Valuation Theory and the Flawed Premise of “Pre-Money” Valuation
Since the start of the “unicorn” era, investors, founders, and journalists have all focused on private valuations. Using valuations, markets characterize startups as being either “cheap” or “rich” relative to their size and stage on the relentless slog toward $1 billion.
In order to reach these heights, startups typically raise outside capital from VCs in exchange for an ownership stake in the business. This process creates a valuation for the fully financed business, often referred to as the “Post-Money.” Subtracting the cash invested, this imputes a “Pre-Money” valuation that characterizes the value of a business prior to investment.
But what does a pre-money valuation for a seed-stage business even mean? How can an exceptional team with mere wireframes and intangible indicators of market demand be worth $5M in itself? How can a company that doesn’t have the necessary capital on hand to realize it’s vision be worth anything prior to raising that money?
The answer is simply that a company is never worth its venture-backed valuation. The valuation is a reflection of the investor’s perception of the underlying risk of the investment. The greater the risk, the lower the valuation an investor is willing to pay in order to achieve their desired rate of return.
It would then follow that investors seeking greater rates of return would only be willing to invest in businesses at lower valuations that have the same overall risk profile of similar businesses pricing at higher levels.
Important Note: Funds targeting extremely high IRRs typically can’t offset the high amount of Risk associated with each investment, leading to outlier fund performance in both positive and negative instances.
The independent variable here is Risk. Risk is not the measurement of whether a company will succeed or fail, but rather the probability of the company reaching a defined successful outcome. If investors can perfectly measure Risk, then they will perfectly price investments to achieve a target rate-of-return across a full portfolio. This would create an environmental equilibrium where a founders’ willingness to take on dilution matches an investors’ willingness to take on risk. Comparing two valuations of separate businesses is, therefore, comparing apples and oranges; it only reflects the risk appetites of the investors and founders in each deal.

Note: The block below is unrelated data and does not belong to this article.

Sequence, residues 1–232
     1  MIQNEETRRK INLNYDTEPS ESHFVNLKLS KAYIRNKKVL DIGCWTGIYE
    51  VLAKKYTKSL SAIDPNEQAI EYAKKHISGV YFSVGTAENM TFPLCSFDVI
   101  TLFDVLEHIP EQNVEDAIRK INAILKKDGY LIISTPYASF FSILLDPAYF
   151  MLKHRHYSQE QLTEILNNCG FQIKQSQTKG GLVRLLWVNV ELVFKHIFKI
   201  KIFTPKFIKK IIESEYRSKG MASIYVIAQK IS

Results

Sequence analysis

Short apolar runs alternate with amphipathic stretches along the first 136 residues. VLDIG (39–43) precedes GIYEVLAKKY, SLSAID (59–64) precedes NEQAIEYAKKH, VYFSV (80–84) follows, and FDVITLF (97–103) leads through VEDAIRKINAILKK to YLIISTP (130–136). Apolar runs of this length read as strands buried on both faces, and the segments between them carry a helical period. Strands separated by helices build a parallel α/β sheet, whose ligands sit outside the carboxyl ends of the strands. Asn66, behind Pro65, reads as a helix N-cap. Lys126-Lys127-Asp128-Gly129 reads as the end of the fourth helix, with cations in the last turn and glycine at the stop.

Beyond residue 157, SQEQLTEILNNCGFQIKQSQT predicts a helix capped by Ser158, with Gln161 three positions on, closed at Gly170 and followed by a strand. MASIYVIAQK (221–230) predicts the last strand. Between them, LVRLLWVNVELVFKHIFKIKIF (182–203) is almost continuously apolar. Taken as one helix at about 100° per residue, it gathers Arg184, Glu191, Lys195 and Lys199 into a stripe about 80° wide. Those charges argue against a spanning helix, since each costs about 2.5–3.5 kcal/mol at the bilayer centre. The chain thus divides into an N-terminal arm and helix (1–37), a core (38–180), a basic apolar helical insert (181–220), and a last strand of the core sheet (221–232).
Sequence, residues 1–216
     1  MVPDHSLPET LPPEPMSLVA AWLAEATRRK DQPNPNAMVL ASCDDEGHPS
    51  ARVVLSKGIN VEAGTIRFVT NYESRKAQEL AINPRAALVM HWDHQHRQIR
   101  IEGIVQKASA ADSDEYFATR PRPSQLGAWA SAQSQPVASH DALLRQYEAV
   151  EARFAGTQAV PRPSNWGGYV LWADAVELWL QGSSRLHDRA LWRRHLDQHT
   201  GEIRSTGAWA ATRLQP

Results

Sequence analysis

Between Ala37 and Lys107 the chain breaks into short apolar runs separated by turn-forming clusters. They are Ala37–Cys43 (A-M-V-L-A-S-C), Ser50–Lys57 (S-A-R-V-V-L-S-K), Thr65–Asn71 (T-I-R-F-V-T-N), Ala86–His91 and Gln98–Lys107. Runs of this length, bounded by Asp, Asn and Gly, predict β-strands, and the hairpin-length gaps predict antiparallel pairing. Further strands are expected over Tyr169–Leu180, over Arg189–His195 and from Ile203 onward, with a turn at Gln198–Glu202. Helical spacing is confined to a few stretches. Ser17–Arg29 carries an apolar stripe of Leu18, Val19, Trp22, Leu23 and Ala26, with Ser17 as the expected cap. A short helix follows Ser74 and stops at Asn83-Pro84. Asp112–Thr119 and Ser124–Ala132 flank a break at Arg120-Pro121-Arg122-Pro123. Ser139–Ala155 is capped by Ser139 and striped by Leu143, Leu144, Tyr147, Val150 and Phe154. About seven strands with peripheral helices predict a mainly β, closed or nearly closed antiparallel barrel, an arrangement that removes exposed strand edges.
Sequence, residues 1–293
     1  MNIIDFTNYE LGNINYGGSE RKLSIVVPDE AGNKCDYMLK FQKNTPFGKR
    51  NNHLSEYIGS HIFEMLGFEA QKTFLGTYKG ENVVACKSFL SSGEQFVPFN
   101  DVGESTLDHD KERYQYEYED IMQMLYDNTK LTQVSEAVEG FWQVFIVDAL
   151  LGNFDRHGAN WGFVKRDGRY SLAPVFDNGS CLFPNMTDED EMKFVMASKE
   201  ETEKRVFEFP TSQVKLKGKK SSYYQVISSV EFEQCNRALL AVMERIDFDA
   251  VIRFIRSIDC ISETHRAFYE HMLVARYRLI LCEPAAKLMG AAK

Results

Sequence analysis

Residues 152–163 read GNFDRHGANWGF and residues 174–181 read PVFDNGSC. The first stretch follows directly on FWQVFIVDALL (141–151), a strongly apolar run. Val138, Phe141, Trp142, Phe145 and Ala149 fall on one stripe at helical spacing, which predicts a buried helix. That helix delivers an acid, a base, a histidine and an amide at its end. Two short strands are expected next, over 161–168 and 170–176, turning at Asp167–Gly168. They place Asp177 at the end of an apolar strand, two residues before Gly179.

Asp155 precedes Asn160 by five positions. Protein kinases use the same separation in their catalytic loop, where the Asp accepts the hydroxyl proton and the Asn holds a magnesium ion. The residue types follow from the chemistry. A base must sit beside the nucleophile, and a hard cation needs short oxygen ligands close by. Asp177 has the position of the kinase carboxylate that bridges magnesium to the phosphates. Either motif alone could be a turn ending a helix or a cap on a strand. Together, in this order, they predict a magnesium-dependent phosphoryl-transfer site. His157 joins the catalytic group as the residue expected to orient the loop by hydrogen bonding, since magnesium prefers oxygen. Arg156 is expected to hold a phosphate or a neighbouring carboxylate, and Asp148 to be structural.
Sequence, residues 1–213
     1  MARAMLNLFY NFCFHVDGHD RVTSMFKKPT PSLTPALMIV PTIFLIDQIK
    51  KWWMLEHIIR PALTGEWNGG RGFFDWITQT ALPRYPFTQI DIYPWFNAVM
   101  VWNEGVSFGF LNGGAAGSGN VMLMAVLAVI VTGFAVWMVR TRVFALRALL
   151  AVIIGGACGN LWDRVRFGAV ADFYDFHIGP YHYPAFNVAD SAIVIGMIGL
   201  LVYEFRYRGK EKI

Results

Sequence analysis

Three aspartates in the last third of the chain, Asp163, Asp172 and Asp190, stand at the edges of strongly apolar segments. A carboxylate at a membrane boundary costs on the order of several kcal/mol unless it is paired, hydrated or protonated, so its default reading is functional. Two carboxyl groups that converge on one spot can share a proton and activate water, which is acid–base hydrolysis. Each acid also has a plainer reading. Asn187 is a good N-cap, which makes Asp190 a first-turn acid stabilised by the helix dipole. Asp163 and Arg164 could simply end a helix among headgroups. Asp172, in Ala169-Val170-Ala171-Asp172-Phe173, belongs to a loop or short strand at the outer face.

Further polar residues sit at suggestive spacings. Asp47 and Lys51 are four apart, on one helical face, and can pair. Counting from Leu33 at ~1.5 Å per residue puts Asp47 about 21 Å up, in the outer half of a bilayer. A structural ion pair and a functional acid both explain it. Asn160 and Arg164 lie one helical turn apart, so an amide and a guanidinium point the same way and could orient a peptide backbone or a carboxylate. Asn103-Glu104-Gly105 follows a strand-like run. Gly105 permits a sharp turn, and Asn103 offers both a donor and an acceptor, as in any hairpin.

Of course in the venture capital business, Risk is extremely difficult to measure, which is why so many funds return very little capital and other funds consistently outperform benchmarks — and why so many founders have strained relationships with their investors.
Some investors are simply better at understanding and pricing risk than others.
Here are a few ways that some investors navigate the pricing of Risk:
- They are thesis or sector-focused: VC’s investing in specific researched verticals of expertise, better-quantified Risk by through an understanding of the long-term value of the industry (ex. Union Square Ventures, Lux Capital)
- They are stage-focused: VC’s investing in specific sized companies, better-quantifying Risk through an understanding of the challenges faced by businesses of that size, regardless of sector (ex. First Round Capital)
- They engrain Value-add into their operations: VC’s with additional resources and platform support that are able to de-risk an investment through providing time and services at an additional cost beyond the impact of cash and self-management (ex. a16z).
- Incubation: VC’s who start businesses themselves either through the GP or through EIRs, reducing risk associated with investing in an unknown team (ex. Alleycorp).
In conversation, these strategies are often answers to the question, how do you differentiate? However, in practice, they are tactics used by investors to measure Risk.
The pre-money valuation is reflective of the investors’ calculated perception of Risk, not the asset value of the business. However, through correctly identifying this Risk, venture firms are able to drive outsized returns, regardless of the valuation they pay. Investors, founders, and journalists should remind themselves of these variables when comparing valuations across businesses.
Now let’s get tactical. To see how Risk can be evaluated in a company’s valuation, click here for Part II.